Like so many other traits, self-centeredness in the form of not really giving a rip about anyone but yourself varies widely among different people and different situations, and it’s something that as humans we’re all affected with to some extent.  I have a feeling his reaction to his co-workers illness is not that uncommon, it’s just that he is self-aware and honest enough to admit to it.  We don’t usually have a deep connection with co-workers; that we spend so much time around people we don’t really care deeply about is just an unfortunate reality of modern life.  But even the closest relationships are affected by this kind of self-centeredness.  It’s the reason why parents drop their sick kids off at daycare when they don’t really have to or complain on Facebook that they had to stay up all night with their sick child.  Self-centeredness isn’t an Aspie thing, it is, most unfortunately, a human thing. 

Now, I have absolutely zero beef with Aspie Guy and would highly recommend his funny, honest, and insightful blog.  But the characterization of Aspies as self-centered in the sense of being selfish and uncaring is not only inaccurate but perpetuates one of the most negative stereotypes about autism.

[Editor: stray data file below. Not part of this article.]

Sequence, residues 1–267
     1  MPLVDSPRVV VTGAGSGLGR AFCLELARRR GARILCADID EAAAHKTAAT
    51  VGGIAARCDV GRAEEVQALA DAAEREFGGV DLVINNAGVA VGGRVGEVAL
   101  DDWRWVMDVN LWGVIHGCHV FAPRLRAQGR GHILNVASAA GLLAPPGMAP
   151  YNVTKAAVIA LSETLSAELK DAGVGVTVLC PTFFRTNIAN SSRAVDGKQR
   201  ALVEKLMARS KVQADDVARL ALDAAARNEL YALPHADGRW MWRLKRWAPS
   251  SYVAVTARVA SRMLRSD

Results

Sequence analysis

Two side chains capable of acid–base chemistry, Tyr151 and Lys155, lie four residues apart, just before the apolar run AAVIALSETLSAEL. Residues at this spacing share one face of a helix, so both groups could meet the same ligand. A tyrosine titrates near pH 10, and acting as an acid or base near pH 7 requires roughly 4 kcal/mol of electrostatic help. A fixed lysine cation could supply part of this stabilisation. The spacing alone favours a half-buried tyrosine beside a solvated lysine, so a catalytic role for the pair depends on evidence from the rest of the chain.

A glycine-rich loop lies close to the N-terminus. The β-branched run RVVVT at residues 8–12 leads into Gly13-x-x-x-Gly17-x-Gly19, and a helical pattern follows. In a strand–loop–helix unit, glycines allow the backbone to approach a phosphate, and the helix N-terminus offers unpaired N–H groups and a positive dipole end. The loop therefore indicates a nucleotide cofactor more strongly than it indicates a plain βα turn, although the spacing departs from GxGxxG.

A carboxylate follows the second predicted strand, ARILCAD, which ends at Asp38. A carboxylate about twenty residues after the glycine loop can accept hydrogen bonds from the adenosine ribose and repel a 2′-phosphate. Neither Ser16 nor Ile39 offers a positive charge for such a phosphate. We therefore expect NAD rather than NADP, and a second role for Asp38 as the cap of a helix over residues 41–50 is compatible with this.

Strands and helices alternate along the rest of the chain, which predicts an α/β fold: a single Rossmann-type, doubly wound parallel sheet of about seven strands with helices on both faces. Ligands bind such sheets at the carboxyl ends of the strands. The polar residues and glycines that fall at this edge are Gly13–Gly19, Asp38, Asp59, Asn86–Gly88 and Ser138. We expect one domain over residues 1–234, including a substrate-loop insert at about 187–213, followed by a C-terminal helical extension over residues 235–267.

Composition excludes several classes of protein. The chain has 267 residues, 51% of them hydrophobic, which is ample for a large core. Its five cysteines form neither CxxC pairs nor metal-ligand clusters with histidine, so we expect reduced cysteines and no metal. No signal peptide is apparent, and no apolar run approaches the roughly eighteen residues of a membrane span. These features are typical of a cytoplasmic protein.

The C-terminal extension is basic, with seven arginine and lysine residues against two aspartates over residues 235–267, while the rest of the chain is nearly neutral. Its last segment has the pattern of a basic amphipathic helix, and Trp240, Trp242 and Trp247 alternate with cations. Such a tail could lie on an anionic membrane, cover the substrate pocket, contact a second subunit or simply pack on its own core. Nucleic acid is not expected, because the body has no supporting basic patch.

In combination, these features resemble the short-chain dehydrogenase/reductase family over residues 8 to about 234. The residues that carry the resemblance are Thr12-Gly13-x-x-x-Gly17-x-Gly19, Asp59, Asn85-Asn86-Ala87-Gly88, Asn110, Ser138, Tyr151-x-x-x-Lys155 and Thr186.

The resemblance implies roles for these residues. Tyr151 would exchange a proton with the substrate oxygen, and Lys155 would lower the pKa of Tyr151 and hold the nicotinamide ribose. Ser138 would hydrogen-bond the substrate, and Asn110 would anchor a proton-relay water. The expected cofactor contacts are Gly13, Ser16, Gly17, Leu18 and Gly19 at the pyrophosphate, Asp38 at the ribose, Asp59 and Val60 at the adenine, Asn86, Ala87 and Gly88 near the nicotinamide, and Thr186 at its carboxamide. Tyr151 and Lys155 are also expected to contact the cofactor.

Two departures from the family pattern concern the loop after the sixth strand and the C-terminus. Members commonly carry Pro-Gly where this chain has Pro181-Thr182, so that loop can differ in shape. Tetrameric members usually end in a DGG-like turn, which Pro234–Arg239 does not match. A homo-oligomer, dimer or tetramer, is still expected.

Some Aspies are selfish.  Many are caring.  Most are some combination of the two.  Just like everyone else. 

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7 Responses to Are Aspies Self-Centered?

  1. suburp says:

    I agree it’s a misconception. My son will say the most absurd things to cheer someone up and in most people’s understanding that’s inappropriate and inconsiderate. But when you have no real connection to what happened to the other person, and you can nothing about it, expressing the usual compassionate phrases just does not come natural to him. He sees the sadness though and a joke seems sometimes the right thing to say…when it’s not.
    I know he will often reflect on the situation though and talk about it later and tell ME how affected the other person must be, so he clearly feels for others, just not spontaneously and with the right words…

  2. Aspermama says: